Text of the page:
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(denoted as the
KL divergence loss
for short).
D
P
y
(π)
P
π

f(w,
x
)
.
L(f
;
x
,Ω
y
)
=
(4.23)
It has been proven in [
31
] that the above KL divergence loss function is con
vex, and therefore one can use a simple gradient descent method to get its global
optimum. As shown in [
4
], the training curve of ListNet demonstrates well the cor
relation between the KL divergence loss and 1
−
NDCG@5, although the loss is
not explicitly related to NDCG.
As one may have noticed, there is a computational issue with the ListNet algo
rithm. Although due to the use of the scoring function to define the hypothesis, the
testing complexity of ListNet can be the same as those of the pointwise and pairwise
approaches, the training complexity of ListNet is much higher. The training com
plexity is in the exponential order of
m
(and thus intractable in practice), because
the evaluation of the KL divergence loss for each query
q
requires the addition of
m
factorial terms. Comparatively speaking, the training complexities of the point
wise and pairwise approaches are roughly proportional to the number of documents
(i.e.,
O(m)
) and the number of document pairs (i.e.,
O( m)
). To tackle the problem, a
top
k
version of the KL divergence loss is further introduced in [
4
], which is based
on the top
k
PlackettLuce model and can reduce the training complexity from the
exponential to the polynomial order of
m
.
4.3.2 ListMLE
Even if the top
k
KL divergence loss is used, one still cannot avoid its following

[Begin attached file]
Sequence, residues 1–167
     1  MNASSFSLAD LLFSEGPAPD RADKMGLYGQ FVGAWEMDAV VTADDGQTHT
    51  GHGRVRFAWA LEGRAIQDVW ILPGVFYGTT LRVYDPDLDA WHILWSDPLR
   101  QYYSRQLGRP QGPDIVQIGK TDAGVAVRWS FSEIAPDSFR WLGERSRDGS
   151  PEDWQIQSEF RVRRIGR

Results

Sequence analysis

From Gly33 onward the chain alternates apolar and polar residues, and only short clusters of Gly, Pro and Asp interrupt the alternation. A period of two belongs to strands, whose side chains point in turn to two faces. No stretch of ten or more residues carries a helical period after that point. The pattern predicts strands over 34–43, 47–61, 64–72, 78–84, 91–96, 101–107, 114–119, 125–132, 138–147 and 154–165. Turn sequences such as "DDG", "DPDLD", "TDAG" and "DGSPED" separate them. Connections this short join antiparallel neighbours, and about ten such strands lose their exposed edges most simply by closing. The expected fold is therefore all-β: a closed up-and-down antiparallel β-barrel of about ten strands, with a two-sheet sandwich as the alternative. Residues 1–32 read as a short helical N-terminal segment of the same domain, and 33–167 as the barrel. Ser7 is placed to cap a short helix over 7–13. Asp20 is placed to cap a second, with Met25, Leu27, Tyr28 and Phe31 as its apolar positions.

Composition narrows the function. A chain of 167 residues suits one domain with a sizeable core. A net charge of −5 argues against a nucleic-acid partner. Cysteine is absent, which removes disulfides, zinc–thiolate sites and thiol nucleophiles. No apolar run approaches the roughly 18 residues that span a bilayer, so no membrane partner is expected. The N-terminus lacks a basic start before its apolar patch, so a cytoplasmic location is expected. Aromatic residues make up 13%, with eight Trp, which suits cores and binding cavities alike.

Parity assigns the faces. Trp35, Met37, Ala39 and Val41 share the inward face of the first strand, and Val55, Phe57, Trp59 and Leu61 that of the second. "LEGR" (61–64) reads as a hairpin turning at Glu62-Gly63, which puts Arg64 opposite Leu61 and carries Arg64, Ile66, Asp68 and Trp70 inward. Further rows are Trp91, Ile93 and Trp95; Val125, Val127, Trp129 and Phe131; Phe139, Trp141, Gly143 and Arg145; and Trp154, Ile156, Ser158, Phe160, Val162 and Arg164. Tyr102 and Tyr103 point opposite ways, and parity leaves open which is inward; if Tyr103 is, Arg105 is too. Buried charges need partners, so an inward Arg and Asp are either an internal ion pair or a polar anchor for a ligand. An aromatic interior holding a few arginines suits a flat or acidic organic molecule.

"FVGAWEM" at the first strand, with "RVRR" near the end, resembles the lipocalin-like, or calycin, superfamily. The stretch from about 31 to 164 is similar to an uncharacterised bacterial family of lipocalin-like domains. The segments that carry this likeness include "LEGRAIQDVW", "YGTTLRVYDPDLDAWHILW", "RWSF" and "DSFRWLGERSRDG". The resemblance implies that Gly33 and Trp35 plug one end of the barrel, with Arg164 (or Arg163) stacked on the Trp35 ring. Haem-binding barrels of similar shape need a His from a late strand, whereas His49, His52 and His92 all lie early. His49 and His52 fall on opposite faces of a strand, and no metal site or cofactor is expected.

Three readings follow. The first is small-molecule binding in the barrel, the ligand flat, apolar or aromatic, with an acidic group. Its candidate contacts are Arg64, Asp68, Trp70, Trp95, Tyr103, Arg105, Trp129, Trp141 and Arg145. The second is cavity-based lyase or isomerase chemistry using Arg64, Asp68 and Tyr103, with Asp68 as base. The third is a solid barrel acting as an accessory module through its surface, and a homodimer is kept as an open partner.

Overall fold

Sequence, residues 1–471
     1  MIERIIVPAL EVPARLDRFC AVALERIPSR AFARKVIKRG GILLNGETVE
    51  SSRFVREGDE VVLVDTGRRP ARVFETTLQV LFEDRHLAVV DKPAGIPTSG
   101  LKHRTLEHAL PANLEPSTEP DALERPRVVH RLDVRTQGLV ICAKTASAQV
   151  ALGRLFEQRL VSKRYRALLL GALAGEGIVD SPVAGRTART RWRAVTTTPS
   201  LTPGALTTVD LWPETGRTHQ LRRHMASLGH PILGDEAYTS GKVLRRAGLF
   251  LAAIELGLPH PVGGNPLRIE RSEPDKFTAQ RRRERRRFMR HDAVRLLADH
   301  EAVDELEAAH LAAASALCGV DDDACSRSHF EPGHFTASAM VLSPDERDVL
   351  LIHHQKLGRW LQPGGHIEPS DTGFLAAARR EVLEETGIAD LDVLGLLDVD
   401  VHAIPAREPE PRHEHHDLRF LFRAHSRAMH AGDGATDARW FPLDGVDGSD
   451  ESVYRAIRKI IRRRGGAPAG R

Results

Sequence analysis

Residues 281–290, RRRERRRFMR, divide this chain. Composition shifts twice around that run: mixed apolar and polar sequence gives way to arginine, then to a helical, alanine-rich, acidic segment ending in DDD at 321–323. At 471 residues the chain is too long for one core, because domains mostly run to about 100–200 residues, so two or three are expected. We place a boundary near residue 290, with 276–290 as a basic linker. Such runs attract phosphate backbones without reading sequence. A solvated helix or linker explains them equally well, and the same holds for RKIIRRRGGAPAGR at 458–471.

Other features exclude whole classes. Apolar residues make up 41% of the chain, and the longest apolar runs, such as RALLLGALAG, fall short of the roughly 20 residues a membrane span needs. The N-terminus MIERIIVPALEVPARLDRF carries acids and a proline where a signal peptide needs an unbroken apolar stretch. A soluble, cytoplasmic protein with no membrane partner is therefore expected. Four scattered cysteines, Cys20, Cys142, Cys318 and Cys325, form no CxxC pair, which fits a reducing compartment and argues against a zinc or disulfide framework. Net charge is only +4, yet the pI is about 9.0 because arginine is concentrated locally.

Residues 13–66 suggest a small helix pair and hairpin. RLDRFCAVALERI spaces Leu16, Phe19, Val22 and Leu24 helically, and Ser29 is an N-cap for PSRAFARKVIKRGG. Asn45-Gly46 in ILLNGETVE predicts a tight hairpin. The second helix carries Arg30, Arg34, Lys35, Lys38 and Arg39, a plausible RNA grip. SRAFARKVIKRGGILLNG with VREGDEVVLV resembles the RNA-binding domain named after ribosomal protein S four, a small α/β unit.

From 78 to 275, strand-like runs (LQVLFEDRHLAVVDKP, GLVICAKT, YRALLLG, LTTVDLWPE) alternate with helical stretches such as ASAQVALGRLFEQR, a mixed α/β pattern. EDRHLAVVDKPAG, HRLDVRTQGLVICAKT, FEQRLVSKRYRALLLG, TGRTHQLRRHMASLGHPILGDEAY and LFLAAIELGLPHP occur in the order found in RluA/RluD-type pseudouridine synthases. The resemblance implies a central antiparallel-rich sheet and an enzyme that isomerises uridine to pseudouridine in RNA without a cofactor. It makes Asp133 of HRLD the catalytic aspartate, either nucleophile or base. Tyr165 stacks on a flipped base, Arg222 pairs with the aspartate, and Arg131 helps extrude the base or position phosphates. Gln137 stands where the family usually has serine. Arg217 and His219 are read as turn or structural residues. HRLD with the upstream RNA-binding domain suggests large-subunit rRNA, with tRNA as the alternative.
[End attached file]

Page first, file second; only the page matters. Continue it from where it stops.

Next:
limitations of ListNet. When
k
is set to be large, the time complexity of evaluating
the KL divergence loss is still very high. However, when
k
is set to be small, infor
mation about the permutation will be significantly lost and the effectiveness of the
ListNet algorithm becomes not guaranteed [
4
].
To tackle the problem, a new algorithm, named ListMLE, is proposed [
31
].
ListMLE is also based on the PlackettLuce model. For each query
q
, with the
permutation probability distribution defined with the output of the scoring function,
it uses the negative log likelihood of the ground truth permutation as the loss func
tion.
5
We denote this new loss function as the
likelihood loss
for short:
log
P
π
y

f(w,
x
)
.
L(f
;
x
,π
y
)
=−
(4.24)
It is clear that in this way the training complexity has been greatly reduced as
compared to ListNet, since one only needs to compute the probability of a single
permutation
π
y
but not all the permutations. Once again, it can be proven that this
5
Please note that one can also use the top
k
PlackettLuce model to define the likelihood loss.
However, in this case, the purpose is not to reduce the computational complexity but to better
reflect the real ranking requirements.